The negligence of water conservation

When it comes to vital importance to survive, Water trumps Energy.   On a society scale, you can’t have one without the other: you need energy to produce clean water and you need water to produce energy (in all cases except solar and wind).  But it seems that energy usually gets the most focus. For the most part this is because:

  • it is currently the main suspect behind climate change
  • more wars are currently fought over energy rather than water (although I think this will change in the not-to-distant future)
  • Energy captures the national attention when gas prices suddenly rise

But for the most part, Energy is a comfort. We use it to get from one place to another, to heat and cool our homes, to heat our water, to light up our spaces and power our electronics.

But we NEED water. We need to drink it to survive. We need a clean supply of it to wash our dishes and remove our waste (or else we attract numerous diseases).

Yet in the developed world clean water is taken for granted. It takes a massive amount of money to build water plants, power them, get that water to everyone’s home, and remove the dirty water once it has been used, but since much of society can’t "see behind the curtain", they’re perfectly content as long as their rate is cheap and it flows from the tap every time it’s turned on.

Back in 2008 most of Georgia (the state where Mapawatt is based) was in a severe drought. The Governor prayed for rain. Newspaper articles were written about the need for a long-term approach to water management. People had to quit watering their lawns and washing their cars. Then the fall of 2009 came and brought with it massive flooding. The worst seen in 90 years. Thankfully the drought was gone, but when it left it took all talk of a sustainable water management program (note how the posts stopped in May of 2009...)  I still can’t imagine why waterless urinals aren’t mandatory in all new building installations. Surely Atlanta's growing population will encounter another drought in the near future?  Yet nobody seems to be planning for our next drought since our lakes are currently full.

Energy gets the spotlight because it is a media hound. It loves attention. It’s the Paris Hilton of the natural resources world. Meanwhile Water just sits quietly in the background. Flowing from our fountains and shower-heads, just waiting until it decides it wants to hog some of Energy’s limelight. At least in the developed world. Half the world (the poor half) could care less about Energy. It doesn’t help them walk the few miles required each day to reach clean water.

As a society, humans dread long-term planning and therefore many of our governments lack sustainable water management programs. We put off anything that doesn’t cause immediate pleasure. Why exercise and eat right when we can sit on the couch and enjoy the Coke and bag of chips right now; heart disease is a long ways off. Why put money in savings when we can blow it on new car; it’s not like the credit card companies are going to cut us off. Why get a house we can afford when we can take out an adjustable rate mortgage and get a much bigger house; the rate doesn’t reset for another 5 years.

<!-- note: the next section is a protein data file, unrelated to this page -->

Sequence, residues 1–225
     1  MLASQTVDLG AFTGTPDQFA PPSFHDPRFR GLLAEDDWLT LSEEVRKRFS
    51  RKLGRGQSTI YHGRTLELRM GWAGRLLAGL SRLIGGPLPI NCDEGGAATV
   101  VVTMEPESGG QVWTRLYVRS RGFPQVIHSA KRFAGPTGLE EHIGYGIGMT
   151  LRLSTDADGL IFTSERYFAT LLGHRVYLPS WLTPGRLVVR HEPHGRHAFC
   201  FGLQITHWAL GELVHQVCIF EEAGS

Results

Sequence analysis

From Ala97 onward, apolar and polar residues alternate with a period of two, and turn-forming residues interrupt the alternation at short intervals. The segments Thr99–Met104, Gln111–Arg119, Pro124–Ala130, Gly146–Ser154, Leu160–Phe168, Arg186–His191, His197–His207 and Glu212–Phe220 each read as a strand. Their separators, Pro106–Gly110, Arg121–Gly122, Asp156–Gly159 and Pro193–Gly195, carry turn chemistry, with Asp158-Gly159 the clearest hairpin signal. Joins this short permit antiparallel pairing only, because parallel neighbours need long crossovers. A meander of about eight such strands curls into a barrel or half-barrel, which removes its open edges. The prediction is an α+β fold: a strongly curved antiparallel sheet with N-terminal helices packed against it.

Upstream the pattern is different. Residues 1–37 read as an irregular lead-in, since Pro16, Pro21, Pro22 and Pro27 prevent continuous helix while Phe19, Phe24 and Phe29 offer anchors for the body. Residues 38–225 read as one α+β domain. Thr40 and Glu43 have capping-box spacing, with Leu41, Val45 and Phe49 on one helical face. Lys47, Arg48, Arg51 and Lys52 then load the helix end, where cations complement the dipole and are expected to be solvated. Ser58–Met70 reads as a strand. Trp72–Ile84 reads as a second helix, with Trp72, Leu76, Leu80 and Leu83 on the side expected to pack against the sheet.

Why put policies in place today that wont help us for years down the road? Why not spend that money immediately?

We value a current small comfort much more than a potential large pain in the future.

And this line of thinking is great....until heart disease comes, credit card companies call in their debt, and the bank wants their house back.

In the financial world there is this concept that a guy named Nassim Taleb calls a "Black Swan"; which refers to an event that is very unexpected and has a low probability of happening but when it happens has a huge disruptive influence.  The Internet and Sept. 11 are examples of "Black Swans".  I feel that many countries are marching towards a "Black Swan" of a severe and crippling water shortage, yet they are extremely ill-prepared for this event .

At Mapawatt we’ve been guilty of focusing on Energy more than Water, but we plan on putting up more posts on the topic of water conservation. Water is vital to survival, and with human’s propensity to procreate the static supply of fresh-water will only decrease as our population increases.

If you have any good ideas on future blog topics, please post them in the comments below. Write in to your local newspapers and bug your politicians about a sustainable long-term water conservation plan for your community. God forbid you will have to quit watering your lawn :)

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I recently installed a dual-flush adapter kit in our toilet tanks. The handle is replaced with a round knob with 2 buttons on it for small and large (1.6 gal.) flushes. I got mine at a local ACE hardware store - it cost $25.00 and was very simple to install. It took about 20 minutes, and the only tool needed was a pair of channel locks. You do have to read the instructions carefully. They claim that a family of 4 can save over 15,000 gallons/year!

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